The future of surgical lung biopsy: moving from the operating room to the bronchoscopy suite

Anny Godin, Juan Carlos Molina, Julie Morisset, Moishe Liberman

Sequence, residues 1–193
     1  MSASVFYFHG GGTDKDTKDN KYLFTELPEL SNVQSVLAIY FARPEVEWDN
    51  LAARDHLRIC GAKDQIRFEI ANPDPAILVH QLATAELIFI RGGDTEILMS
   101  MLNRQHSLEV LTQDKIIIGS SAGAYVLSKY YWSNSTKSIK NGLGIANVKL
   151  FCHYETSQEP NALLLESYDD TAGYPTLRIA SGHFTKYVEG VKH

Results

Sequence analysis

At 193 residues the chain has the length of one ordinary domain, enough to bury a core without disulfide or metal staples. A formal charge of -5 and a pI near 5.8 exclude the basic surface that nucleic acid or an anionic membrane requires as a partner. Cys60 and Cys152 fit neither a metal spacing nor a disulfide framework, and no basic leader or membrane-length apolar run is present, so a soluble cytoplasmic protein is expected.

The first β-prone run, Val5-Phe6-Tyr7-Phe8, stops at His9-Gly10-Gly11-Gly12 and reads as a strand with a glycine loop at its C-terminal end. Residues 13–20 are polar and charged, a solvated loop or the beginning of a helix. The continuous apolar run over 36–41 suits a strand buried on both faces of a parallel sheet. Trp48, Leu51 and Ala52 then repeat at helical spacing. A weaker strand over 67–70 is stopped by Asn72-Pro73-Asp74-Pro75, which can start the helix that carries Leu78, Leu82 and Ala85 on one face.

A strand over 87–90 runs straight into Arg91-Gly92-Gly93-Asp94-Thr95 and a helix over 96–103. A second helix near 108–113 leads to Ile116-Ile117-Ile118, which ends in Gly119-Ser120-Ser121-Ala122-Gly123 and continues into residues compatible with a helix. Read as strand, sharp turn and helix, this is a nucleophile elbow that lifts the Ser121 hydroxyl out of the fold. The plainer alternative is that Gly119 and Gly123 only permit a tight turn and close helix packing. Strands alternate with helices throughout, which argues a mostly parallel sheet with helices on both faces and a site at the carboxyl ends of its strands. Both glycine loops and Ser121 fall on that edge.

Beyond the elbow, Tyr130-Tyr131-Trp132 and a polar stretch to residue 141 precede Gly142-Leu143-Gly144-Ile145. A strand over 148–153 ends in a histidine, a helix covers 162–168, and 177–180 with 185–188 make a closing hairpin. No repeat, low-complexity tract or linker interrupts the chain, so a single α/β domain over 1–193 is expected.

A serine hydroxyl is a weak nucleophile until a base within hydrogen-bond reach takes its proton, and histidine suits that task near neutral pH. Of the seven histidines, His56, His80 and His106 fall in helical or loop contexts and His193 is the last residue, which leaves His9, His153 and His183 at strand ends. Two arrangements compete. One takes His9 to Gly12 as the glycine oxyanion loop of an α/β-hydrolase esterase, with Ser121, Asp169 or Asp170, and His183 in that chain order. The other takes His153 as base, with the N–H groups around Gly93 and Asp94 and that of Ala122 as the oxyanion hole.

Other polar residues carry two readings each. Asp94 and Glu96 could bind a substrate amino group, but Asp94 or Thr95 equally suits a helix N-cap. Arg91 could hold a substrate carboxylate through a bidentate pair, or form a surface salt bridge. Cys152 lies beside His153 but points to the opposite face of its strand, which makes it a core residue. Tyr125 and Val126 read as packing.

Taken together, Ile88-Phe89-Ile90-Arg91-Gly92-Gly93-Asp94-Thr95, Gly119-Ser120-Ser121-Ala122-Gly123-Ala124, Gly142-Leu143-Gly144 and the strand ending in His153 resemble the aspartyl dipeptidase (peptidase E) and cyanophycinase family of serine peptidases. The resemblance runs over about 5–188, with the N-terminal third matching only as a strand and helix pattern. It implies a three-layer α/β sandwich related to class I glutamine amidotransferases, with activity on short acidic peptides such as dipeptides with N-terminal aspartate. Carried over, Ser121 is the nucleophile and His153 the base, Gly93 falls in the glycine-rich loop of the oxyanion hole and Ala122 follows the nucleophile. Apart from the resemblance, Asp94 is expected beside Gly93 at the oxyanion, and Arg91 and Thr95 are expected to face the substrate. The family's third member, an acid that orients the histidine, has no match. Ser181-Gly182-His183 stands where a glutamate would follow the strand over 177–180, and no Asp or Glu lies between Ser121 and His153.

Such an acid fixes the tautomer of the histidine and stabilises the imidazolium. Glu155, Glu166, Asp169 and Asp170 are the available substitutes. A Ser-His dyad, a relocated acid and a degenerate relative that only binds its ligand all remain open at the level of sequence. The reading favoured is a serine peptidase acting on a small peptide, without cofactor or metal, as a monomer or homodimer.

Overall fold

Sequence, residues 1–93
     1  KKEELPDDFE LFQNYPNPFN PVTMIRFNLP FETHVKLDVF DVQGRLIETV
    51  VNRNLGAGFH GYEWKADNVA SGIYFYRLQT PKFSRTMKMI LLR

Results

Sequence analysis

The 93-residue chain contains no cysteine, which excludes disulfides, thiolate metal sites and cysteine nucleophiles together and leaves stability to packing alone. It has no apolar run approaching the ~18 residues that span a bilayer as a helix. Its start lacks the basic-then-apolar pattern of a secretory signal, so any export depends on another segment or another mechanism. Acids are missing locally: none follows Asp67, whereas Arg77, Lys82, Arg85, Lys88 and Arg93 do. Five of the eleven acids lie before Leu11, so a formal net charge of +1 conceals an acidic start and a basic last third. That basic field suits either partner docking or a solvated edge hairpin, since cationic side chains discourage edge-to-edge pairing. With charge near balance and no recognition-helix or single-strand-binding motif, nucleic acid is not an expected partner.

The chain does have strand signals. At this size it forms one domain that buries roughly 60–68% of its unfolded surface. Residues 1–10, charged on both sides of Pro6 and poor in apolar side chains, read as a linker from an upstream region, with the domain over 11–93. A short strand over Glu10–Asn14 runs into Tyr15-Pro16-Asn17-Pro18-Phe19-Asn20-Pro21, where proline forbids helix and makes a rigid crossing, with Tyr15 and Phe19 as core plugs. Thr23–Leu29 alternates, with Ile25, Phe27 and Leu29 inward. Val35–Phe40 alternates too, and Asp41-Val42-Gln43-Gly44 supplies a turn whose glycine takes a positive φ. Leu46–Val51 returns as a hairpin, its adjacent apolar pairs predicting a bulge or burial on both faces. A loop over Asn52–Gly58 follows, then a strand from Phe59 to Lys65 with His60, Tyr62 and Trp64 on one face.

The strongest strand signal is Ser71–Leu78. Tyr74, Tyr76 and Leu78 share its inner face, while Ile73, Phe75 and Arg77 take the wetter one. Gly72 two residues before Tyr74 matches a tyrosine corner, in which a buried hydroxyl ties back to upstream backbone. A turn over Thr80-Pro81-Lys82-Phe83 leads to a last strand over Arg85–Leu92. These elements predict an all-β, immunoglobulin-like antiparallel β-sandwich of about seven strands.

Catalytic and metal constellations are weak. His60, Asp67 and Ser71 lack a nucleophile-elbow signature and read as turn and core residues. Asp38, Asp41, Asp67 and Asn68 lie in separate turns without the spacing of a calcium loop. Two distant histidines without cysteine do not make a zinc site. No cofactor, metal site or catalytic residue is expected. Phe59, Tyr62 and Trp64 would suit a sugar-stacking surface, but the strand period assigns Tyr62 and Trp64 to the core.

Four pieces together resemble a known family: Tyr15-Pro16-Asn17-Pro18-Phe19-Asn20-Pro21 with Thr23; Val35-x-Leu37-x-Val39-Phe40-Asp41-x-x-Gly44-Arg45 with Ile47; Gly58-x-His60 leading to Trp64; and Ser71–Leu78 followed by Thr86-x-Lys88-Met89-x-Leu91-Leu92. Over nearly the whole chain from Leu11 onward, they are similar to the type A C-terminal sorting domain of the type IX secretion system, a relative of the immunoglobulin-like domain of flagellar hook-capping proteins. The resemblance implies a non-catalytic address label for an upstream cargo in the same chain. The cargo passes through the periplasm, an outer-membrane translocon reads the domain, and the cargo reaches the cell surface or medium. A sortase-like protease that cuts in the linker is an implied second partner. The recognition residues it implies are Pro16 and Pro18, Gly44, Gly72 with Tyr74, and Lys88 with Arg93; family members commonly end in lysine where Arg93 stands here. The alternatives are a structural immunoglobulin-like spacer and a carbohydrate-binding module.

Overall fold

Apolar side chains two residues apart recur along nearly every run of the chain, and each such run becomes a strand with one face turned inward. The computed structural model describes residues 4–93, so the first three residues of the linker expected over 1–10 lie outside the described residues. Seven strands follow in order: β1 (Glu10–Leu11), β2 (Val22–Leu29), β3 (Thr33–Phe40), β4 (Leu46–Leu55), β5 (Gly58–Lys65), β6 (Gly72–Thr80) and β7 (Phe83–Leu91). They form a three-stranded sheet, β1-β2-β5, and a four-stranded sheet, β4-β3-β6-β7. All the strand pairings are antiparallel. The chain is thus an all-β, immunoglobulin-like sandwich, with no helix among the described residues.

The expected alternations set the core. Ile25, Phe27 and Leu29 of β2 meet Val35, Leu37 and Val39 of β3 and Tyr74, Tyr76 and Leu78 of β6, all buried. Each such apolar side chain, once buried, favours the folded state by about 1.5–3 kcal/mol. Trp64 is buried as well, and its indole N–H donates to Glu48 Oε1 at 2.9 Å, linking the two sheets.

Assessment of patients with suspected interstitial lung disease includes a complete work-up consisting of history and physical examination, laboratory studies, lung function testing, high-resolution CT scan, bronchoscopy with bronchoalveolar lavage, and cardiology workup. Presently, definitive diagnosis of interstitial lung disease is even more important because of newly available therapeutics. The high risk/ benefit ratio perceived in the literature for surgical lung biopsy motivates research for new biopsy techniques that ideally would have the same or better diagnostic yield as surgical lung biopsy with less morbidity, mortality and cost. If endoscopic transbronchial lung cryobiopsy can be shown to be associated with a low morbidity rate and high accuracy, we may be able to obtain a definitive histological diagnosis in a great majority of interstitial lung disease cases and forego complex, inefficient and inaccurate methods of disease diagnosis. Several groups have published prospective and retrospective series on endoscopic transbronchial lung cryobiopsy for interstitial lung disease with promising results and diagnostic yields up to 83% (range, 74–91%). The main complications associated with endoscopic transbronchial lung cryobiopsy are pneumothoraces and bleeding. The optimal techniques and specific settings for endoscopic transbronchial lung cryobiopsy is currently being investigated. In this paper, we present a review of the literature for endoscopic transbronchial lung cryobiopsy and future perspectives.